Really, from the descriptions and back histories of the main characters here, Oggie and Drake, it looks like the author used the Mr. Potato Head method of character construction,  jamming in various characteristics into her people regardless of whether they fit or not.  I don’t know how else to explain it.  This is Drake Smith.  He is small statured (no problem), so preoccupied by threats to his safety (real or imagined) that he lives in a tiny apartment in Asa’s business complex with multiple locks on his door.He take a gun with him to answer any knocks on it.  Drake bases all his life’s decisions on “what would make his (dead) mother smile” but only eats Campbell soup because that’s all he and his mother ate.  Drake is a cutter. He self mutilates and then runs around on cutup feet like it is no problem. And after one episode, the cutting is never mentioned again.  It just disappears. Drake is ok with casual sex but won’t open his door without a gun? Huh.  And it just keep snow piling from there.  I get that Lynne wants us to find him a pained filled little man needing our sympathy but all she accomplishes is to make him out as a whacko with the Bate’s Motel in his background. Trust me it gets worse if you think that is harsh.  We will come back to him later.

Oggie is a little better.  I can see a cop having trouble leaving his life behind and having problems adjusting to his disability.  I get that, I do.  Oggie is more believable as someone who is afraid that pity lies behind offers of help.  He’s not too bad except when Drake gives him a compliment and his response is “F*&k, Drake, you turning me into some kind of damn woman or what?” Really? That’s what you come up with after muttering an endearment? I don’t know about you but I found that offensive to both men and women.

Then there is the matter of a little scene between the two men in the airplane on their way to DC.  Drake carries with him a small photograph album of pictures of him and his mother. He gives them to Oggie to help him better understand where Drake is coming from. Sweet, right?  The first picture shows a 5 year old Drake and a women with bandaged feet.  As he ages, his mother loses more and more limbs over time (to Diabetes),  First her feet, then her arms…year by year there is less and less of her. Another year, another limb.  And by then I am in tears.  Of laughter.  Not because of the very real possibility of amputation as the disease progresses.  No, I am in hysterics over the thought of what an SNL sketch this would make.  Definitely not the reaction I think Carol Lynne going for. But that just shows you how over the top this story got in making a grab for our emotions.

And finally there is Cullen “Little Man”, the boy they were sent to rescue.  Her characterization of this young man is the ultimate black mark against this book.  Cullen was a young prostitute on the streets of DC until Father Joseph (hopefully Episcopalian) talks him into the shelter he runs for GLBTQ youth.  But something happens and Cullen returns to the streets where he is abducted by his pimp and made to pay for trying to leave his stable.  It is inferred that this kid was gang raped i.e.,  tortured and “retrained” by multiple men. And when Oggie and Drake find Cullen, he is tied to a bed  barely breathing, bloody, beaten, raped and a W is carved into his forehead.  I don’t think it is a stretch for anyone to imagine the emotional and  psychological trauma this would inflict on this young man, to say nothing of the physical mess his body is in.  But is this handled responsibly after loading up this poor guy with one horrific event after another? No,  Cullen bounds back to normal almost immediately.  Nothing is said about the huge W on his forehead.  It’s as though nothing bad had really happened to him.  So how do you go there as an author and not address the very real problems brought up?  I don’t know and Carol Lynne has certainly not given us any answers.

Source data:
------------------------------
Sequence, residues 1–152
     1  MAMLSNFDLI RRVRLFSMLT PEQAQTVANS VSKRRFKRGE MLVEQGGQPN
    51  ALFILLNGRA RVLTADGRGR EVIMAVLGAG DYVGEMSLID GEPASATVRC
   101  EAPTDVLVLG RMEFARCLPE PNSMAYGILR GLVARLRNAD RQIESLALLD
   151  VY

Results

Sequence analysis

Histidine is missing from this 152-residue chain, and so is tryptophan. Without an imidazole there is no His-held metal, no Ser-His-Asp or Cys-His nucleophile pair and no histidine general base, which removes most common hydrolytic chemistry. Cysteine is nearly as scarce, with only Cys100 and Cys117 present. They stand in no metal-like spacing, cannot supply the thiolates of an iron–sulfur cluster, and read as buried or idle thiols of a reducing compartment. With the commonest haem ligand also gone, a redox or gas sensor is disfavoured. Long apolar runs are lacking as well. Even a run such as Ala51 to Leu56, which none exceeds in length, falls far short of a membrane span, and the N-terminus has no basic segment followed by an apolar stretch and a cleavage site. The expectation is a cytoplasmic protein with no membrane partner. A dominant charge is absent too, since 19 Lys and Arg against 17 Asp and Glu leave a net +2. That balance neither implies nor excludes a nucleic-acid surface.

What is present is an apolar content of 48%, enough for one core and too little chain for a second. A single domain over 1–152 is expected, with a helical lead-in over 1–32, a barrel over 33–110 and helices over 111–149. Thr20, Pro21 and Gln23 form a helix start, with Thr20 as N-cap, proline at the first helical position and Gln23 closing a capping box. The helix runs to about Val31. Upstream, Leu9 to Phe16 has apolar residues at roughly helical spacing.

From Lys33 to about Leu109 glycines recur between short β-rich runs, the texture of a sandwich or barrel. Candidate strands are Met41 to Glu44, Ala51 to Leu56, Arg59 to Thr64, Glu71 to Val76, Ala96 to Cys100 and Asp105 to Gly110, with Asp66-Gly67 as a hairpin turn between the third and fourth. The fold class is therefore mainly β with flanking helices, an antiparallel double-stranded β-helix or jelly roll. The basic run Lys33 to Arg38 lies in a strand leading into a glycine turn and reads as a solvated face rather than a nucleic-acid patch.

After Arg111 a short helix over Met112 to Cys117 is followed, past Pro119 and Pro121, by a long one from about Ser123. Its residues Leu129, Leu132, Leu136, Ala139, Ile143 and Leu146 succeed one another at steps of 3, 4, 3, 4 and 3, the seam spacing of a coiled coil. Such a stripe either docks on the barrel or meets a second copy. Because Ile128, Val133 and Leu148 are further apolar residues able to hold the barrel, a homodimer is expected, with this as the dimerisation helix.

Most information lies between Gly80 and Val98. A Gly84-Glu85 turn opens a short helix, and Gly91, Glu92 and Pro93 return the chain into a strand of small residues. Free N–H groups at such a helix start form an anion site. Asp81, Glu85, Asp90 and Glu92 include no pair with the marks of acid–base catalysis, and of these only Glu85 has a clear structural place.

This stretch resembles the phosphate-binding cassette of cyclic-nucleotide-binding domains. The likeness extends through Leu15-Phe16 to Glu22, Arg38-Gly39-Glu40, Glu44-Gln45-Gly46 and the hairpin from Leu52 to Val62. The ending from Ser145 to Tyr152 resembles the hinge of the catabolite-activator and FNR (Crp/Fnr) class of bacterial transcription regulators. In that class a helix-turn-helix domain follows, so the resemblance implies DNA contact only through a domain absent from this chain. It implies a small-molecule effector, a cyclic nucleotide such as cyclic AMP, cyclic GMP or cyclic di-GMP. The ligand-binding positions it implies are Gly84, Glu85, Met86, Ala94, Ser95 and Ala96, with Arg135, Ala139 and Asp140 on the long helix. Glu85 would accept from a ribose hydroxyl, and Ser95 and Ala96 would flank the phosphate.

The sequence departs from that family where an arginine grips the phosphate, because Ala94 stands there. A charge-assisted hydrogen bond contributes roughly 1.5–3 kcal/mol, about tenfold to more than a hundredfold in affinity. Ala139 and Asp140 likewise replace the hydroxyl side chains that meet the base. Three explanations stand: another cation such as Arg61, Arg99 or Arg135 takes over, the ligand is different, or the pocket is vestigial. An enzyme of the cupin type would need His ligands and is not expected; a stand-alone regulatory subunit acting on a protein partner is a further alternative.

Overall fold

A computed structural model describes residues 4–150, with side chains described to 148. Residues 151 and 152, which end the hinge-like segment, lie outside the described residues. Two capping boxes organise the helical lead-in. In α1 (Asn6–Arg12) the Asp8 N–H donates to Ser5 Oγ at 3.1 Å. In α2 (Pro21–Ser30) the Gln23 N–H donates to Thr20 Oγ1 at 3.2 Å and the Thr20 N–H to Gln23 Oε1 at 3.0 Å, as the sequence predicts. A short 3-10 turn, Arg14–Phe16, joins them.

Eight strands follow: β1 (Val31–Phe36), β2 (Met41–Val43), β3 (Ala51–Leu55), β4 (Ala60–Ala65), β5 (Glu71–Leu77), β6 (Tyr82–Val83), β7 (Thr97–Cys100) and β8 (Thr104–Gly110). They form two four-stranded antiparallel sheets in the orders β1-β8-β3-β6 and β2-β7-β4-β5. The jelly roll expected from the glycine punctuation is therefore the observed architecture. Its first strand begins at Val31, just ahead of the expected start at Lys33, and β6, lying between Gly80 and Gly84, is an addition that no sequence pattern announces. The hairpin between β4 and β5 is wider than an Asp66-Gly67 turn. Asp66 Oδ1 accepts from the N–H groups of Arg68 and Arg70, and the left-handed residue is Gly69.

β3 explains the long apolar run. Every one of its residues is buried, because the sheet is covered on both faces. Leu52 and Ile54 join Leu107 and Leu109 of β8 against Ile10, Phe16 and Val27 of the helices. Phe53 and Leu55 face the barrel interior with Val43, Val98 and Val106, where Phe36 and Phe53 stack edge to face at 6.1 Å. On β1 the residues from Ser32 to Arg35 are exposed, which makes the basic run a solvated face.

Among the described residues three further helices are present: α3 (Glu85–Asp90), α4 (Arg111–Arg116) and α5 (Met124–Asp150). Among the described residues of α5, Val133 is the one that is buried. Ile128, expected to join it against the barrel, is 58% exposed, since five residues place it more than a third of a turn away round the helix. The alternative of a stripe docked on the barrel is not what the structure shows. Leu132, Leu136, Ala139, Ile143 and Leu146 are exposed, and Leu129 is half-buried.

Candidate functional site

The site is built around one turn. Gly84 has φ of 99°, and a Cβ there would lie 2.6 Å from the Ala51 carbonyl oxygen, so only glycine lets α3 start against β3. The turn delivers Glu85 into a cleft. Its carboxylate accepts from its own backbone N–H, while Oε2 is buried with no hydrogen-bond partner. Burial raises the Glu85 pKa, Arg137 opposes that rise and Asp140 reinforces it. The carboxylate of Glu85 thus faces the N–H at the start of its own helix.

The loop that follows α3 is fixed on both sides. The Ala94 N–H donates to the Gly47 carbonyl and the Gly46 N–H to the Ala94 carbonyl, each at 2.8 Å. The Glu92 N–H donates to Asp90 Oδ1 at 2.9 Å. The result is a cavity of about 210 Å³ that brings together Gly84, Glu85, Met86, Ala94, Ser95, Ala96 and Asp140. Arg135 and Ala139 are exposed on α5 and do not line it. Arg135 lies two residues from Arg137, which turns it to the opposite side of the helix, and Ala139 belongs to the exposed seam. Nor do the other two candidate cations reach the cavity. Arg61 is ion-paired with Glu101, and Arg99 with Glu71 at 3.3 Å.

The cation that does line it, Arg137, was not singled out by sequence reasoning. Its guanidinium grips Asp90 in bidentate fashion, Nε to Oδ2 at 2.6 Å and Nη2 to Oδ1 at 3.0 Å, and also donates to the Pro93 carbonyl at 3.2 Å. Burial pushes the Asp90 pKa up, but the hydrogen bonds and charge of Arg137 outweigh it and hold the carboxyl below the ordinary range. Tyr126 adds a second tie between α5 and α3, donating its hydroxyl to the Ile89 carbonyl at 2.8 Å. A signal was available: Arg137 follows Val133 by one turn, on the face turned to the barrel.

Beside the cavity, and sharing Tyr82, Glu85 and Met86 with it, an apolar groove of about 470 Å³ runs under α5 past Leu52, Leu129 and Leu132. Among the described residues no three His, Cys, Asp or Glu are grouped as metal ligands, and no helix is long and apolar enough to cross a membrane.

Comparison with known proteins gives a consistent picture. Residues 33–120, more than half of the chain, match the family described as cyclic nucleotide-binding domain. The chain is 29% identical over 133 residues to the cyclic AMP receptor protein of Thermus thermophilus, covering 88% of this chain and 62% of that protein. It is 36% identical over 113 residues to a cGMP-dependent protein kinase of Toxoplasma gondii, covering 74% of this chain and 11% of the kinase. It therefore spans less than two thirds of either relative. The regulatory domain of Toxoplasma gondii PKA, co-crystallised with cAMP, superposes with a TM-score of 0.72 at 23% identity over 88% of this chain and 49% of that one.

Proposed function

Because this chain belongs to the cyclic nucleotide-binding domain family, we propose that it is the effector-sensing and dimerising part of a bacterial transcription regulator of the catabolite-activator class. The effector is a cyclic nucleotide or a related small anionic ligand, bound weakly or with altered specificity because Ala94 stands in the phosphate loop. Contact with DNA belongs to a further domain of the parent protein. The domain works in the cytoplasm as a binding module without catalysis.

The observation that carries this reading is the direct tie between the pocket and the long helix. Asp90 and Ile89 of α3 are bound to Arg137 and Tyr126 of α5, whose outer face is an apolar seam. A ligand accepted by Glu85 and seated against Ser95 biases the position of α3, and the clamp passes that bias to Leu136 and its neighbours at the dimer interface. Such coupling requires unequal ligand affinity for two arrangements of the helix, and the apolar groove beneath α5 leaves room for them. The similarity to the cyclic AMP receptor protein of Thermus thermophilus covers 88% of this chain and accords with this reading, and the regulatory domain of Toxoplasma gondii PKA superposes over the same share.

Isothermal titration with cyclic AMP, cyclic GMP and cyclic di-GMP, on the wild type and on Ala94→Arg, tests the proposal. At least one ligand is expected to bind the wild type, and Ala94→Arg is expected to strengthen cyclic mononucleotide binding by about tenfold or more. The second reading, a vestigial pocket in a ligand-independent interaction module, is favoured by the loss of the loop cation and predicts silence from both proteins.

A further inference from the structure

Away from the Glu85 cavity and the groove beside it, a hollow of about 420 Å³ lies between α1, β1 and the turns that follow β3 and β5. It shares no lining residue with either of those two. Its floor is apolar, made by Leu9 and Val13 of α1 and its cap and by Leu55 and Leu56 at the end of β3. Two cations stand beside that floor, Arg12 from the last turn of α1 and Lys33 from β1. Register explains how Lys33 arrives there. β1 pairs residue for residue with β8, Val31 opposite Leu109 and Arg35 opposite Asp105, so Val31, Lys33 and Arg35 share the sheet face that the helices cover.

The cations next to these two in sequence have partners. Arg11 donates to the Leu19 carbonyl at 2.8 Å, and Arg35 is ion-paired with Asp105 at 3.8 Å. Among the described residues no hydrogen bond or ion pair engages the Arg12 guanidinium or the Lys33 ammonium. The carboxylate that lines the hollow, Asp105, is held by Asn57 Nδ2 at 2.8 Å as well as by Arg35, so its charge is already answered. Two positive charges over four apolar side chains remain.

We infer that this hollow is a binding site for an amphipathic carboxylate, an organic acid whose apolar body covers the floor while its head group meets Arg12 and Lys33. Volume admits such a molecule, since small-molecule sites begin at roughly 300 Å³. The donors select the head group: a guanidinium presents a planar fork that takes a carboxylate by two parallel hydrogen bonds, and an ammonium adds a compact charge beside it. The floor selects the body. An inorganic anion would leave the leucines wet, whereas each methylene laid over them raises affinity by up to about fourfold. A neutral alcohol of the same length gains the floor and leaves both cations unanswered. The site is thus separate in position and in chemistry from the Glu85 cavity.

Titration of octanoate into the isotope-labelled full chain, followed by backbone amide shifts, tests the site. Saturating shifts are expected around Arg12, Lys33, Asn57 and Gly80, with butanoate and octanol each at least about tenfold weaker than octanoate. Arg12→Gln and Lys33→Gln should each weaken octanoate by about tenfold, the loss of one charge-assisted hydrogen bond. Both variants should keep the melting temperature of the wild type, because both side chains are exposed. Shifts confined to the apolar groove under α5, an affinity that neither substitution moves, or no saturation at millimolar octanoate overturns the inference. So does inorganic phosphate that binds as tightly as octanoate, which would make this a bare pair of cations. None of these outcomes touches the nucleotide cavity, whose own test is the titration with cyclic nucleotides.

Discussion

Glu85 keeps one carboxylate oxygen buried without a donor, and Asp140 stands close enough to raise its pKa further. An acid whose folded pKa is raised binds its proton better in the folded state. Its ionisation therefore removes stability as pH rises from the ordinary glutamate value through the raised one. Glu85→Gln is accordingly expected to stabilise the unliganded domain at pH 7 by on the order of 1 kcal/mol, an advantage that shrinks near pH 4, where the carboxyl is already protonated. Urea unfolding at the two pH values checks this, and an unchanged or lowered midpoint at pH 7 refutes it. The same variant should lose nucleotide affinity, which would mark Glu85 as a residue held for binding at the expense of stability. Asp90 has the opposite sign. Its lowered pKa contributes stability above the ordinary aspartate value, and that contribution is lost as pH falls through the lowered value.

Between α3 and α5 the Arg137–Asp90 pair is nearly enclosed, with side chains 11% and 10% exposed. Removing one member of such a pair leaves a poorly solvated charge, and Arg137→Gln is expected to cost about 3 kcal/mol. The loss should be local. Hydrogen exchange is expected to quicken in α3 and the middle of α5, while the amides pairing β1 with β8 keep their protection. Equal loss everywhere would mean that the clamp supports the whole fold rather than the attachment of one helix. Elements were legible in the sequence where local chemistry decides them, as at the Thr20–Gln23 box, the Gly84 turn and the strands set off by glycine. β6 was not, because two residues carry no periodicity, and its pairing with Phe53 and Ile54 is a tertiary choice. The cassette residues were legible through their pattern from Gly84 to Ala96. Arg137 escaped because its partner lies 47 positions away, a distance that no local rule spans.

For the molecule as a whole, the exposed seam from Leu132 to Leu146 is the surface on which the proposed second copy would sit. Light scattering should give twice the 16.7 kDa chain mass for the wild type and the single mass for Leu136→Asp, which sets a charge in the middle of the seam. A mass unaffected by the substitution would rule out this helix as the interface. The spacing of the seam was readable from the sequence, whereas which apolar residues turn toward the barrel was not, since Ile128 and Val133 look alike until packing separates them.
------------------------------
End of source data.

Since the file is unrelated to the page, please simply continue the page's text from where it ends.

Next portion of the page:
There are smaller editing errors (Drake “unlocks” his apartment upon leaving) as well as an unrealistic case of “instant love”, all in 89 pages.   But there are so many larger issues here, that is the least of the book’s problems.

And finally there is the prospect of a romance on the horizon that even if Cullen turns out to be of legal age, leaves me kind of nauseous. So where do I go from here?  One terrific book is followed by one that is just this side of awful.  I will probably keep reading them.  At this point it is too late to stop and, like a carrot before the horse, there is always the promise of a return again to the form that made Cattle Valley I place I loved to visit.